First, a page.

Richard D. Parsons, who as chairman of Citigroup Inc. helped steer the bank through its near-death experience in the financial crisis, is considering stepping down after three years in the post, said people familiar with the situation.
The 63-year-old Parsons is expected to decide by early March, these people said.
Regardless of his decision, Citigroup is expected to keep separate the posts of chairman and chief executive, these people said.
A spokesman for Parsons referred questions to Citigroup. A bank spokeswoman declined to comment.
Parsons, who became chairman in 2009 and has been a Citigroup director since 1996, has said he would remain until the New York company was on solid ground.
Bad bets on mortgages and other securities nearly sank Citigroup in 2008 and forced the bank to accept tens of billions of dollars in U.S. aid. In 2011, Citigroup had a profit of $11.3 billion, though it still faces the same pressures all commercial and investment banks are confronting. Citigroup shares are down 36% in the past year.
With Citigroup out of the woods, Parsons is said to want to focus on other interests. He is a senior adviser to Providence Equity Partners LLC, a private-equity firm that focuses on the media industry, and is a jazz aficionado.
Also making it easier for Parsons to go: Citigroup Chief Executive Vikram Pandit, who took over from Charles O. "Chuck" Prince III in 2007, has gained more commercial-banking experience and has earned the respect of the company's directors, people familiar with the matter said.
"We like what Citi is doing," said Michael Yoshikami, chief executive and founder of YCMNet Advisors, a Walnut Creek, Calif., asset-management firm.
Still, the board isn't expected to make Pandit, 55, chairman if Parsons steps down.
Regulators have urged companies to keep the posts separate to promote boardroom independence.
In contrast, James Dimon of J.P. Morgan Chase & Co., John Stumpf of Wells Fargo & Co., Lloyd Blankfein of Goldman Sachs Group Inc. and James Gorman of Morgan Stanley are chairman and CEO at their respective companies.
Parsons is best known for his stewardship of Time Warner Inc. as chairman and chief executive after the media company's much-criticized 2000 merger with America Online Inc.
At Citigroup, Parsons's move to chairman initially was criticized by some investors and regulators because he had been a director long before the bank stumbled. The criticism quieted as Parsons worked behind the scenes with regulators to erase ill will and rebuild confidence in Citigroup's strategy.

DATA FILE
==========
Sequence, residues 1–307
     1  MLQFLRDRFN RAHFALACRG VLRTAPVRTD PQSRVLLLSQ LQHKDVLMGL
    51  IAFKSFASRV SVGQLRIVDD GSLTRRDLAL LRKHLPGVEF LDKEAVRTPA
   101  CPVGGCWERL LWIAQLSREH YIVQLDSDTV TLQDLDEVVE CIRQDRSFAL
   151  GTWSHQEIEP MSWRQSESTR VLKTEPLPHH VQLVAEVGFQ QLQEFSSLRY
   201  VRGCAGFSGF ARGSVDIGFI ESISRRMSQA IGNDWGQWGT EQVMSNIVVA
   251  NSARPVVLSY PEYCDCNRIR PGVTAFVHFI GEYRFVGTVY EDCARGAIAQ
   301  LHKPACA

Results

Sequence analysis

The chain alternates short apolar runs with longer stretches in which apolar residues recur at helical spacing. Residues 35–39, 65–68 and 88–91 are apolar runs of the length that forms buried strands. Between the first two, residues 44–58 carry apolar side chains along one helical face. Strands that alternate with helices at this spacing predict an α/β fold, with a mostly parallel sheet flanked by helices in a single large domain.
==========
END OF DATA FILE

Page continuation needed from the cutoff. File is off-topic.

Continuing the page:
Just two other Citigroup directors remain from before the financial crisis. They could soon step aside, too, people familiar with the situation said. The two directors, Alain J.P. Belda, a managing director of Warburg Pincus LLC, and Judith Rodin, president of the Rockefeller Foundation, couldn't be reached for comment.
Citigroup's 13-member board now includes longtime bankers and regulators such as Michael E. O'Neill, former chairman and CEO of Bank of Hawaii Corp., and Anthony M. Santomero, former president of the Federal Reserve Bank of Philadelphia. Messrs. O'Neill and Santomero are considered possible successors to Parsons, people familiar with the situation said.
Neither man has been offered the job, and it isn't clear whether they would accept it, these people said.
O'Neill's duties at Citigroup expanded last year, when he was named chairman of Citibank N.A., the company's deposit-taking subsidiary. He also is a member of the board's personnel and compensation committee, executive committee and the committee that oversees Citi Holdings.
Citi Holdings has $269 billion in assets that the company is trying to sell or wind down.
Santomero is on the board's executive committee, as well as its audit, risk-management and finance committees.
This story first appeared on WSJ.com.